London, Jun 3 (PTI) Hundreds of protesters gathered at London's Hyde Park on Wednesday as part of a series of Black Lives Matter protests planned in solidarity with demonstrators in the US over the killing of African-American George Floyd in police custody.
Organisers asked people to stretch out their arms in order to try and maintain the two-metre distance advised as a means to control the spread of coronavirus in the UK, which has only partially lifted its strict stay-at-home lockdown earlier this week.
Wednesday's protest follows another on Sunday, which saw hundreds gather across central London to register their anger against the killing of Floyd, which was shared worldwide across social media and has triggered days of violent protests in the US.
'What happened in the US was appalling, it was inexcusable, we all saw it on our screens, and I perfectly understand people’s right to protest what took place, though obviously I also believe that protest should take place in a lawful and reasonable way,' British Prime Minister Boris Johnson said in the House of Commons.
Asked by Scottish National Party (SNP) MP Ian Blackford to state plainly that 'black lives matter,' Johnson said: 'Of course black lives matter, and I totally understand the anger, the grief that is felt not just in America but around the world and in our country as well. I totally understand that, and I get that.' Opposition Labour Party Leader Keir Starmer called on the UK PM to convey the UK's 'abhorrence about his response to the events' to US President Donald Trump.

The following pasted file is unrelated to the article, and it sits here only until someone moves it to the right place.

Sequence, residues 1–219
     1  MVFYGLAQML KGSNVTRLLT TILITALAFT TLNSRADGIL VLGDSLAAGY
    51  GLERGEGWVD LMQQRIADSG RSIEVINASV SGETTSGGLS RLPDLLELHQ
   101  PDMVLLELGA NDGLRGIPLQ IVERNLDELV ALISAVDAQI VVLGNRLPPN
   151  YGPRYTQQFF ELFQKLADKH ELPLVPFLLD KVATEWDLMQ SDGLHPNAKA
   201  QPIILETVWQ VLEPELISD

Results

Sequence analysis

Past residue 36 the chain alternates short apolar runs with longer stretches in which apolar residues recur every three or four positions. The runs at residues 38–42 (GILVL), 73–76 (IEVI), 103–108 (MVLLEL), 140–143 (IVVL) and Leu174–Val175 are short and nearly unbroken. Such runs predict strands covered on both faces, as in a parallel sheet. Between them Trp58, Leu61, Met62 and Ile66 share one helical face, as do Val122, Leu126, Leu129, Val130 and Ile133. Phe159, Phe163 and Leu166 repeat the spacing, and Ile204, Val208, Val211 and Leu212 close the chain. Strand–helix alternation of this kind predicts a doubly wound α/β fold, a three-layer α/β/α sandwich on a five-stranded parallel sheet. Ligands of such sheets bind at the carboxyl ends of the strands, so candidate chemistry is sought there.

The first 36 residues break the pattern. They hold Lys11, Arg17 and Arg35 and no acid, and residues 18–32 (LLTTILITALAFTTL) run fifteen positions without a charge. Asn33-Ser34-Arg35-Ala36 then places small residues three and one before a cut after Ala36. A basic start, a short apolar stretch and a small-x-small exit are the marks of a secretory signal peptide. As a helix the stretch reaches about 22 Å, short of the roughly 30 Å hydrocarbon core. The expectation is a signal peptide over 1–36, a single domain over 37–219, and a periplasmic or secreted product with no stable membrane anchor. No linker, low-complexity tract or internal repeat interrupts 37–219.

Meanwhile, the UK's Chief Constables issued a joint statement against the killing in Minneapolis of Floyd, who was caught on camera begging to be allowed to breathe as a police officer pinned him down with force.
'We stand alongside all those across the globe who are appalled and horrified by the way George Floyd lost his life. Justice and accountability should follow,' reads the joint statement signed by Martin Hewitt, Chair of the UK’s National Police Chiefs’ Council, Mike Cunningham, Chief Executive of the College of Policing, and Paul Griffiths, President of the Police Superintendents' Association.
'We know people want to make their voices heard. The right to lawful protest is a key part of any democracy, which UK police uphold and facilitate. But coronavirus remains a deadly disease and there are still restrictions in place to prevent its spread, which include not gathering outside in groups of more than six people. So for whatever reason people want to come together, we ask that people continue to work with officers at this challenging time,' they add.
There are more Black Lives Matter protests planned in the UK over the rest of the week. PTI AK SCY